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Do Not Resuscitate (DNR) Order

Do not resuscitate (DNR) order

Definition

Do not resuscitate (DNR) order is a part of advanced medical directives allowed by federal law passed in 1991, expanding the notion of patient autonomy to situations in which they may not be able to make crucial medical decisions due to incapacitation. It instructs medical personnel not to perform life-saving cardiopulmonary resuscitation (CPR) or other procedures to restart the heart or breathing once they have ceased. By law, the DNR directive must be offered as an option to patients by health providers in, and in some states, out of a hospital setting. Once signed, the DNR directive must be placed in the in the patient's chart.


Purpose

With such advanced cardiopulmonary techniques as CPR, it is possible to keep almost any patient's heart and lungs functioning, independent of how terminal or hopeless their medical condition becomes. The DNR program is designed to help people in the final stages of a terminal illness or who have intractable pain the option for deciding against life-saving measures that may only prolong their pain and death. The option of deciding against life-saving measures is considered to be a formal part of patient autonomy and is respected as an ethical subset of medical informed consent .


Description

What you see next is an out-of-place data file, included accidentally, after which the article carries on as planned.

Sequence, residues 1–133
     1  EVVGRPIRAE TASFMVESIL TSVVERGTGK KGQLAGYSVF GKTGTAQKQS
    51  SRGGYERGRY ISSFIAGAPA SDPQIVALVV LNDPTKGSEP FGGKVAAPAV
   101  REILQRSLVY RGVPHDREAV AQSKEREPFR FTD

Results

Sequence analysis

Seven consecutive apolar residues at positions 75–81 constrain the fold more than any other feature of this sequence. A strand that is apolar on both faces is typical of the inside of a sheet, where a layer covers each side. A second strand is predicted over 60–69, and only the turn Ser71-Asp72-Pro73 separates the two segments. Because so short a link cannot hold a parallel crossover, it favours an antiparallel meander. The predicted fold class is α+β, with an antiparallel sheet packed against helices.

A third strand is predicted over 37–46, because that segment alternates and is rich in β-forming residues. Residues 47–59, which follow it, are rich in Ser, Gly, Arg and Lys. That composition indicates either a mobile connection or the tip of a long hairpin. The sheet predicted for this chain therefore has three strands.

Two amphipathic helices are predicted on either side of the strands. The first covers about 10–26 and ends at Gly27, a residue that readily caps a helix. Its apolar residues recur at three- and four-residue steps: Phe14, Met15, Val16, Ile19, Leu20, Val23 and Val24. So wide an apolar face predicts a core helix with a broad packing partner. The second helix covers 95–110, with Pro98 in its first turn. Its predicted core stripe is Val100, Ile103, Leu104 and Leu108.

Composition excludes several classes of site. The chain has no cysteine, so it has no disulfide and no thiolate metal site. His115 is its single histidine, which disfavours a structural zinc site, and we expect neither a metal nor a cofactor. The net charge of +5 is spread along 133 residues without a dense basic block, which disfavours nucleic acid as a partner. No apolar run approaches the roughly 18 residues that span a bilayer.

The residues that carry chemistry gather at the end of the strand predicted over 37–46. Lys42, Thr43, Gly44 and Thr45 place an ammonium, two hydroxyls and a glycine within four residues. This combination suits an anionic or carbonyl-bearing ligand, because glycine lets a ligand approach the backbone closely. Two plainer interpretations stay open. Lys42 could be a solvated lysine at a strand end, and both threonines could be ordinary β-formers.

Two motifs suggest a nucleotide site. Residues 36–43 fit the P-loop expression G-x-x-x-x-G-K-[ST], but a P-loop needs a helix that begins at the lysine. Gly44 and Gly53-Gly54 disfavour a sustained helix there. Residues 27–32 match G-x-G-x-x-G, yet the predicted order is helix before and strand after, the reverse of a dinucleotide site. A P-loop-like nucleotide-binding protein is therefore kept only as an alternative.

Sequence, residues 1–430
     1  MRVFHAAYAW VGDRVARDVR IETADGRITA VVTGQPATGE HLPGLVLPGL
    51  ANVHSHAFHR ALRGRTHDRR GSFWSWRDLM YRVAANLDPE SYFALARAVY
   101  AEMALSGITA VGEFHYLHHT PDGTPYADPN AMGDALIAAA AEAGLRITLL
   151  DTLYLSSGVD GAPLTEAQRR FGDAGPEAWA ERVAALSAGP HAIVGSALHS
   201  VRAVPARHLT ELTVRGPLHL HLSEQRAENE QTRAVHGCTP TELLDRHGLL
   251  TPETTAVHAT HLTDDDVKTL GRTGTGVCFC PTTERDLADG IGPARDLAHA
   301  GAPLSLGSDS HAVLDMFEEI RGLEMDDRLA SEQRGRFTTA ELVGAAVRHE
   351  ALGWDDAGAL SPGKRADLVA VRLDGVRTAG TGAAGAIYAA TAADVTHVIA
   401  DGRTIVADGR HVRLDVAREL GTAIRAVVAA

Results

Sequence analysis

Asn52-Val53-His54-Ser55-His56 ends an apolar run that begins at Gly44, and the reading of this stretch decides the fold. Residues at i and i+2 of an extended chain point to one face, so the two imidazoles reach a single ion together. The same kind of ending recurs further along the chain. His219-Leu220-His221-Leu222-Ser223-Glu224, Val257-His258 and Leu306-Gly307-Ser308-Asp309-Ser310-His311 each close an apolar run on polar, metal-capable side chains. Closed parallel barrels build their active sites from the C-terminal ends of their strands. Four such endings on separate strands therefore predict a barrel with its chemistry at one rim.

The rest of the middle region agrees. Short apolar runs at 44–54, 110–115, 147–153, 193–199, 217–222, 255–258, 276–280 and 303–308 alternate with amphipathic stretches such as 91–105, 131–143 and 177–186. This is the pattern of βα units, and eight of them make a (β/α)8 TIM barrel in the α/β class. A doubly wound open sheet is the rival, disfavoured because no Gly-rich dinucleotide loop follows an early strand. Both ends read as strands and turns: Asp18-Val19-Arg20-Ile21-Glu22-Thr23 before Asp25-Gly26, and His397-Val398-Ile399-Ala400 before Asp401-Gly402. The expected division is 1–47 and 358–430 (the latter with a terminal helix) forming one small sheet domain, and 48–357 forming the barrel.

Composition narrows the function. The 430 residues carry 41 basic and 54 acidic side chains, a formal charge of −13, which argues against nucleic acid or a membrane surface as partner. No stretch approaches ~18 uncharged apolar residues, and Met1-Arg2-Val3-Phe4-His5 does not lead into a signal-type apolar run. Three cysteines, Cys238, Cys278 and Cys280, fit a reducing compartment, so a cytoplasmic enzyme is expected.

DNR orders affect a small group of patients and are designed to avoid the suffering of a terminal illness or other serious conditions that are medically irreversible. The order actually authorizes medical treatment to be withheld. It is included with the medical orders in the medical chart, and with it, hospital and pre-hospital personnel are restricted from using CPR techniques and other measures to revive the patient.

Some states allow DNR orders only in hospital settings. Other states allow DNR orders to be honored by emergency responders working outside the hospital setting. Over half of the states in the United States have pre-hospital DNR orders. A physician must sign the pre-hospital DNR directives. The state's Emergency Medical Service (EMS) department or state medical association administers the programs. In some states, the DNR may be called a pre-hospital medical care directive or a comfort care only document.

A DNR order can be revoked at any time in any way that effectively communicates the patient's desire. It can come from the patient in the form of a letter or document. It can come from the patient telling an emergency provider to disregard the order. The revocation can be invoked by removing any bracelet or medallion that indicates DNR status. It can be communicated by the designated health agent or patient representative who has the power to express the patient's wishes to health providers. Some states maintain a registry for individuals with DNR orders. It is important to find out about a state's service for DNR and its particular legal forms and requirements. Many patients who die in a hospital have had a DNR order.


Preparation